TOUR: Celebrate Father’s Day weekend June 15-16 with A Taste of Redwood Valley, a chance to sample library wines, small-production lots and even spirits. Anderson Valley wineries host their Barrel Tasting Weekend July 20-21, featuring previews of new wines and tastes of current releases.

For more information on lodging, dining and upcoming events, see Visit Mendocino.


Bordering Napa, Sonoma and Mendocino counties, Lake County was named for the region’s many picturesque lakes. Vineyards are planted throughout the county, from the agriculturally rich valley at 1,370 feet elevation to the rocky red soil around Mt. Konocti—a dormant volcano—at elevations above 2,000 feet.

TASTE: Home to more than 30 wineries, Lake County is known for its high-elevation Cabernet Sauvignon and Sauvignon Blanc wines. Mini-tours around Clear Lake include Upper Lake and Lakeport, Nice and Clearlake Oaks, Lower Lake, Middletown, and the volcanic slopes of the Red Hills American Viticultural Area.

TOUR: On June 16, the Lake County Beer, Wine & Swine Baconfest brings together dad-friendly favorites for Father’s Day. Red, White, & Blues celebrates the best of Lake County wines on July 6 at Langtry Estate Vineyards in Middletown.

For more information on lodging, dining and upcoming events, see Lake County Wineries.

For all of the wine regions included in this series, use the interactive map to search wineries by amenities such as tours, gardens and picnic areas, and view winery events around the state.

*Above information is from a May 20, 2019 press release issued by the Wine Institute that is permissible for media distribution.

What is it worth to you?


Posted by Busted, a resident of Portola Valley,
on May 24, 2019 at 8:05 pm

The last time I went wine tasting to the Napa Valley, I got busted for a DUI on the way home. Spent the weekend in county jail and had my car impounded.

Now I do my wine tastings at home.

Posted by Le Sommelier, a resident of another community,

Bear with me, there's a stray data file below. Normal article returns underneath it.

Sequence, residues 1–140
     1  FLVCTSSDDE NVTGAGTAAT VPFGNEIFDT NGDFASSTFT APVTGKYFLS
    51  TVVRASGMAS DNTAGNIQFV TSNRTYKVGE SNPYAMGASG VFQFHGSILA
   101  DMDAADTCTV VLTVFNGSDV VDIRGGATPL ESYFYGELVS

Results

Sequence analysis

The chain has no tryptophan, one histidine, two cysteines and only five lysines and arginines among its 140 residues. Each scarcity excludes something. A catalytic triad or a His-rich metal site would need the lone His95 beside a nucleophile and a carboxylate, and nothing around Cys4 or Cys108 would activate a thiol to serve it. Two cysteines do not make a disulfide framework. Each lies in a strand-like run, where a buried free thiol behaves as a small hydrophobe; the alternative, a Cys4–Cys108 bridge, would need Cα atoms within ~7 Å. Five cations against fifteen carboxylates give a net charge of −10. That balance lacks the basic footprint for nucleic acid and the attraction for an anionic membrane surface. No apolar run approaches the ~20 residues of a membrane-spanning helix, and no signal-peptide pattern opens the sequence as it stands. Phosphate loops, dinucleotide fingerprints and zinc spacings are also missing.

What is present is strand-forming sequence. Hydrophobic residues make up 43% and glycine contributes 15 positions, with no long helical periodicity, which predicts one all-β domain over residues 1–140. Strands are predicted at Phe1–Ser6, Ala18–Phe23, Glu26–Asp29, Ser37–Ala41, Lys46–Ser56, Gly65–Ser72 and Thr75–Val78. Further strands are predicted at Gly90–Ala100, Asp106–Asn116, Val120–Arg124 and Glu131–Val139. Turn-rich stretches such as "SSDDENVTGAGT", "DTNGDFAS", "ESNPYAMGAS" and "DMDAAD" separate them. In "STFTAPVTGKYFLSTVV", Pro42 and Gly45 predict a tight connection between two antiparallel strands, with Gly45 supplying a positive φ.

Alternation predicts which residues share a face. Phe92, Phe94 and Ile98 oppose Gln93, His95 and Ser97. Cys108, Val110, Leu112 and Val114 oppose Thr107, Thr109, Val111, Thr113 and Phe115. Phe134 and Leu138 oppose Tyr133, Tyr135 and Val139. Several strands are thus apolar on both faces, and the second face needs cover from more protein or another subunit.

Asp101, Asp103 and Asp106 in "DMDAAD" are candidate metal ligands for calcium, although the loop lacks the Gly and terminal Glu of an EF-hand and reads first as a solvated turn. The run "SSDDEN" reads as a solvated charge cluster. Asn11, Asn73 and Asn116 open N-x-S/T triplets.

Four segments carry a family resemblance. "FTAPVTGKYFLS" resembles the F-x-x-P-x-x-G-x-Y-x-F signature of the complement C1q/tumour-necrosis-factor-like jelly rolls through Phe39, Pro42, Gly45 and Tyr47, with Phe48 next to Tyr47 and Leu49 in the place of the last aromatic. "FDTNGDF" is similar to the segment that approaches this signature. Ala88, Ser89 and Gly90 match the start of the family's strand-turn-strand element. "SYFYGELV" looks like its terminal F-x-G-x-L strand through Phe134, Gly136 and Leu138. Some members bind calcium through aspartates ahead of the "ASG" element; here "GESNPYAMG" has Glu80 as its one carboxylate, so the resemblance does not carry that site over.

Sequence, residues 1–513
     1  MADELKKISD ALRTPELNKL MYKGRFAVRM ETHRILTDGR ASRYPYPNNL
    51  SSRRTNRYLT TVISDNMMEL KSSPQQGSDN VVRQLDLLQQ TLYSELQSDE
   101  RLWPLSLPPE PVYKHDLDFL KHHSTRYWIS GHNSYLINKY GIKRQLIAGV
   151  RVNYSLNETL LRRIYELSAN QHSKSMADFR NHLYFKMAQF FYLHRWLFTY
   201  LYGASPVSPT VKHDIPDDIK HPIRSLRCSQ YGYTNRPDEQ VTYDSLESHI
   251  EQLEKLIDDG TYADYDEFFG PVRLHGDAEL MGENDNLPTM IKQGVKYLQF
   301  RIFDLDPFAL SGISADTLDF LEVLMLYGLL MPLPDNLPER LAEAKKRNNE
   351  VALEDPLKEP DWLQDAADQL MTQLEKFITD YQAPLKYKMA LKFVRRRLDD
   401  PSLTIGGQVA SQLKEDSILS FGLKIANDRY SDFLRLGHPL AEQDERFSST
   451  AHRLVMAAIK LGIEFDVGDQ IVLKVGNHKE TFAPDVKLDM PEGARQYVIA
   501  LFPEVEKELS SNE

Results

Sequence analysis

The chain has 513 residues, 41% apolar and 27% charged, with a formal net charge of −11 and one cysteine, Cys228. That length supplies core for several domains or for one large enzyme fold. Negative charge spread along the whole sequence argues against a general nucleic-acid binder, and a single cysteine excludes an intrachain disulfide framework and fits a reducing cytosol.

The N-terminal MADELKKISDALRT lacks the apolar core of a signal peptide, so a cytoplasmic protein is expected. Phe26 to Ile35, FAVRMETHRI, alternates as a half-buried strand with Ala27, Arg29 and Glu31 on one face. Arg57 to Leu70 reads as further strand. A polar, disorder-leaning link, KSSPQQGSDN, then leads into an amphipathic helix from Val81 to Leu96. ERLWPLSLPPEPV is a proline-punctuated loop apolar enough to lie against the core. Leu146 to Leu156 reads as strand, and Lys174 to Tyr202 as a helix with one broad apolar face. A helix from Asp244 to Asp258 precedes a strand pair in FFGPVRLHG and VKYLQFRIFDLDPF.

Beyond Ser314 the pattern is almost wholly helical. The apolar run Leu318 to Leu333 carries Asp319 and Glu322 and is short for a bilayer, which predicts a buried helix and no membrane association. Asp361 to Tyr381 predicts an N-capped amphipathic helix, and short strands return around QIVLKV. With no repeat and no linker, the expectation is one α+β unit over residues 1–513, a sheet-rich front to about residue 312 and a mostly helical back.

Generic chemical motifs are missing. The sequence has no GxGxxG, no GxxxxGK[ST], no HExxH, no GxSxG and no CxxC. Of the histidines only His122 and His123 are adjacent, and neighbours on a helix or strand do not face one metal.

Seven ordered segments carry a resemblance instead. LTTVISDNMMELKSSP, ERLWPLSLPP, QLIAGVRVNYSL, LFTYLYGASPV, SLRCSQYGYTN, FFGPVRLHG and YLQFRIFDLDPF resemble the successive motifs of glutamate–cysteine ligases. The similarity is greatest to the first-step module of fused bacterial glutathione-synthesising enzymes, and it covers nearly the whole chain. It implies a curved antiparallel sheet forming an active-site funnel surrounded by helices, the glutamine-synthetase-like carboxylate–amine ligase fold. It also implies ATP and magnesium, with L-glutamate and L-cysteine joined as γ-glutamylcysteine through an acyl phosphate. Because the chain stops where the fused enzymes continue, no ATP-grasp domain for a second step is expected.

on May 25, 2019 at 2:49 pm

^^^ You are supposed to spit the wine out. The only problem is that most wine tasting rooms do not offer spittoons.

Just ask for an empty glass & return it when finished.

Posted by Shattered Families, a resident of Barron Park,
on May 28, 2019 at 12:00 pm

My uncle was killed on a back road by a drunk driver "Touring the wine country".

Posted by Arrest All Wine tasters Who Drive Automobiles, a resident of another community,
on May 28, 2019 at 2:49 pm

People who go wine tasting shouldn't drive afterwards.

Very irresponsible and arrogant of them.

Almost had a head-on from one of these effete wine snobs tooling along that road where the Mondavi winery is located.

Posted by Arrest All Wine tasters Who Drive Automobiles,, a resident of another community,
on May 28, 2019 at 2:52 pm

To endorse wine tasting while driving along the 'backroads' is sending out the wrong message.

As the second poster noted, spit the stuff out rather than going for a free buzz.

Posted by Dodging Bullets, a resident of another community,
on May 28, 2019 at 6:51 pm

"55 miles of spectacular coastline,"

"just a few minutes off busy highway 29,"

"Drive along Highway 128 in the Anderson Valley"

^^^ Some nice drives providing the drivers aren't imbibing.

Is there some sort of revision to the 'don't drink & drive?' adage...unless one is wine tasting?

Posted by Laura Stec, a resident of Portola Valley: Westridge,
on May 29, 2019 at 6:10 am

Food Partiers! The wineries are all about Designated Drivers and spitting if you don't have one.

Posted by Longtime Menlo Parker, a resident of Menlo Park: other,
on May 30, 2019 at 12:28 pm

You neglected to mention the wonderful wine region to the south of us: Paso Robles. Paso has exploded in the last several years; when we started wine tasting in that area about 15 years ago, there were only about two dozen wineries. Now there are over 350!